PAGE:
Boat Test Videos
Content courtesy ofCats are generally the most stable boats on the water. With twin hulls, a 9'2" (2.79 m) beam and exceptional freeboard forward, the World Cat 280CC-X is clearly ready for long offshore runs in any fishable weather. Her sheerline and tumblehome present a sleeker look than most cat designs, and the broad bow gives far more deck and seating space than conventional monohulls. Her moderate 7,300 pound (3,311 kg) weight allows her to run well on twin 200s, keeping fuel use to a minimum for the genre.
Prices, features, designs, and equipment are subject to change. Please see your local dealer or visit the builder's website for the latest information available on this boat model.
World Cat’s all-new 280CC-X is a center console model designed to combine the best ride attributes of an offshore catamaran with outstanding fishability and more luxurious appointments that make the boat attractive for cruising. In this latest iteration of its proven dual-hull design, World Cat set out to take a major step forward in design, features, technology and performance, to set the stage for where its catamarans are going in the future.
A New Approach. With over two years of development, the 280CC-X was designed to move catamaran design and performance forward to lure more monohull owners, while staying true to the classic catamaran benefits of ride and space. The top priority was aesthetics, as reflected in the sweeping sheerline, tumblehome aft, striking bow treatment, and maximum deck space permitted by the three-piece design. Two additional strategic elements of converting V-bottom users to catamarans were price and weight (due to the need for two hulls rather than one). Using its first all-CAD design, advanced materials and infusion, World Cat held down the weight of the 280CC-X and powered it with twin 200-hp Yamahas for a light, agile boat.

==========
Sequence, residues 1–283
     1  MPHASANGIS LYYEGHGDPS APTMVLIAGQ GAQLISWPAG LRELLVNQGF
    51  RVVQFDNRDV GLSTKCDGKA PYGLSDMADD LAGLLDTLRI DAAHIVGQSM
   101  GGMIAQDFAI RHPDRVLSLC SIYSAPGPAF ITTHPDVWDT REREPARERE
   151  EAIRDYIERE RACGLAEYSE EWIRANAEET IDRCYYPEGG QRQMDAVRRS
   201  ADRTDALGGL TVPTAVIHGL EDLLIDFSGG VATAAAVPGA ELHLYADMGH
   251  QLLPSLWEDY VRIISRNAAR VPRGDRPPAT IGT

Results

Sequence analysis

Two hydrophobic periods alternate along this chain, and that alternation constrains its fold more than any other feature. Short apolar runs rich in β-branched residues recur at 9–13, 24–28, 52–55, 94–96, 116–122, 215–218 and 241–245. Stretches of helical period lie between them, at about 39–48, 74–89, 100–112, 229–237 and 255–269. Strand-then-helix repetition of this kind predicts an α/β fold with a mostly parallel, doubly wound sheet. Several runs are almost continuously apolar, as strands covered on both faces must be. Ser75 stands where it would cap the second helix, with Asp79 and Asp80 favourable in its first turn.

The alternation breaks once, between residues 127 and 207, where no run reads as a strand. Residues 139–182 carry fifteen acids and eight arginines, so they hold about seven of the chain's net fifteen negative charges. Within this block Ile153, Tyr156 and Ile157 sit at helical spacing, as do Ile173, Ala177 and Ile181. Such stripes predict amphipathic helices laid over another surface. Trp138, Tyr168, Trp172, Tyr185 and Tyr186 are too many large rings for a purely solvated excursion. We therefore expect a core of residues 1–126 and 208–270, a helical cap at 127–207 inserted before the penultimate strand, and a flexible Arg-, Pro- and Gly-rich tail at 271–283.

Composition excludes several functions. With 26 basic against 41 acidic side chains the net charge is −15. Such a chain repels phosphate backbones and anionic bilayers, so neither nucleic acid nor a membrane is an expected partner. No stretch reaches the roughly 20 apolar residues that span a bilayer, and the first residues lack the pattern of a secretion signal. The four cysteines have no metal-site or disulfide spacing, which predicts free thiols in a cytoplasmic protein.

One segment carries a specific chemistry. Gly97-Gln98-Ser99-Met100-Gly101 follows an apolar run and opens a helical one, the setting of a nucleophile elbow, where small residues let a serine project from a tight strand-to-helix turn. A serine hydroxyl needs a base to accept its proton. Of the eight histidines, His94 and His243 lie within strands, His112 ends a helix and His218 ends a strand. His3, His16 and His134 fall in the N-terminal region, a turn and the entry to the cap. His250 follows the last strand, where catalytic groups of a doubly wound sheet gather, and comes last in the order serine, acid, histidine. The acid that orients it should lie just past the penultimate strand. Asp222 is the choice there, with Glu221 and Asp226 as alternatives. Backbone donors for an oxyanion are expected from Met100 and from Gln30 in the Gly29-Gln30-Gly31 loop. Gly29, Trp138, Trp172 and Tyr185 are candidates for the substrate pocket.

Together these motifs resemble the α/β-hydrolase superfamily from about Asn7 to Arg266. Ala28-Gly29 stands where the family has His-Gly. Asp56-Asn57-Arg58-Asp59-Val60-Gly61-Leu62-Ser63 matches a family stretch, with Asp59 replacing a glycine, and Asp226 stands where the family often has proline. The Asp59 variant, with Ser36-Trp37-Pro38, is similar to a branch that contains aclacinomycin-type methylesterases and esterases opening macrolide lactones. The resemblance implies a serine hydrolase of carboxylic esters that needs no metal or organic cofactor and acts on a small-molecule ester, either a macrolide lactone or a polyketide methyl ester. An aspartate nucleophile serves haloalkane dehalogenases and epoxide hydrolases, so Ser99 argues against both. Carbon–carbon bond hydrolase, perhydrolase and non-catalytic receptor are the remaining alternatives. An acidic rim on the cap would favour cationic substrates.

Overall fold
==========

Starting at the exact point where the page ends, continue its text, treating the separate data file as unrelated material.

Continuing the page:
World Cat hulls and decks are designed using CAD/CAM 3D modeling. The 280CC-X’s twin hulls are designed with precisely shaped and sized planing surfaces based on World Cat’s other successful planing hulls; the running surfaces and the VectorFlo tunnel shape all contribute to achieving the classic smooth catamaran ride with maximum efficiency.
In our tests, we spooled the 200s up to their maximum 5900 rpm and reached 48.7 mph (42.3 knots). At 3500 rpm, we reached her most efficient cruise, which had us running at 25.6 mph (22.3 knots) where the 10.2 gph fuel burn turned in 2.5 mpg and a range of 444 miles. All while holding back a 10% reserve of fuel.
Construction. World Cat builds the 280CC-X from three primary pieces -- hull, deck liner and deck ring -- to provide the most available interior space. This added space is particularly noticeable in the aft cockpit area, making the fishing area especially spacious.
Behind the gelcoat, a 100% vinylester barrier coat is applied to protect against blistering. Next up is a hand-laid fiberglass chopped strand mat skin coat followed by alternating layers of hand-laid 17 oz. bi-axial and 36 oz. tri-axial knitted fiberglass cloth throughout the entire hull. The transom and forward anchor locker bulkhead are formed out of high-density composites; stringers and other bulkheads are fiberglass reinforced polyurethane preforms. After all internal accessories are installed in the hull, the deck liner is lowered in place and bonded to the tops of the stringers, and finally the deck ring is bonded and mechanically fastened to the hull and deck liner.